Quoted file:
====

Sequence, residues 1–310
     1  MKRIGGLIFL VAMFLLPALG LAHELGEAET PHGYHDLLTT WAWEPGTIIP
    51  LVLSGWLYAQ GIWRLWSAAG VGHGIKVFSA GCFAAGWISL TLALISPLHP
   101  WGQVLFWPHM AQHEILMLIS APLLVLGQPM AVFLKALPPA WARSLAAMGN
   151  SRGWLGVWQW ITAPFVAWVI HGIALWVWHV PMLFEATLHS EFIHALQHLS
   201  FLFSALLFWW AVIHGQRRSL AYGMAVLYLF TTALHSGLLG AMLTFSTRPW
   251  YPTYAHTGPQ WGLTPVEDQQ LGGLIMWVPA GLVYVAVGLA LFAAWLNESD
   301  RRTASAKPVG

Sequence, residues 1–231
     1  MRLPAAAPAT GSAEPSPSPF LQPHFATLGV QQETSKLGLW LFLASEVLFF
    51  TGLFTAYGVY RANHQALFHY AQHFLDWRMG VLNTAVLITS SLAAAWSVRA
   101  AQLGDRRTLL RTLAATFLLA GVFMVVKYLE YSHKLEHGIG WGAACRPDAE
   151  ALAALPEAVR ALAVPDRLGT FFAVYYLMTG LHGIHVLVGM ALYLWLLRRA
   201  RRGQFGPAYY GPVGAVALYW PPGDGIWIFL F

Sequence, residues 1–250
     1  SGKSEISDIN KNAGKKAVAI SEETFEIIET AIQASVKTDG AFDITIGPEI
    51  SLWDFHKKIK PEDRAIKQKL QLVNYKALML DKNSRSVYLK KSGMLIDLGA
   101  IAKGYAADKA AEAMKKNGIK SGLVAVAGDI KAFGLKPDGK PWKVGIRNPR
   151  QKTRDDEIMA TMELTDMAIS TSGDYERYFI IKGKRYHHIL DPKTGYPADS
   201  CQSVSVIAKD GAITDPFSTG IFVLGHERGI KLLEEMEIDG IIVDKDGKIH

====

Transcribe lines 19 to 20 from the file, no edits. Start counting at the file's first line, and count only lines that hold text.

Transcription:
   151  QKTRDDEIMA TMELTDMAIS TSGDYERYFI IKGKRYHHIL DPKTGYPADS
   201  CQSVSVIAKD GAITDPFSTG IFVLGHERGI KLLEEMEIDG IIVDKDGKIH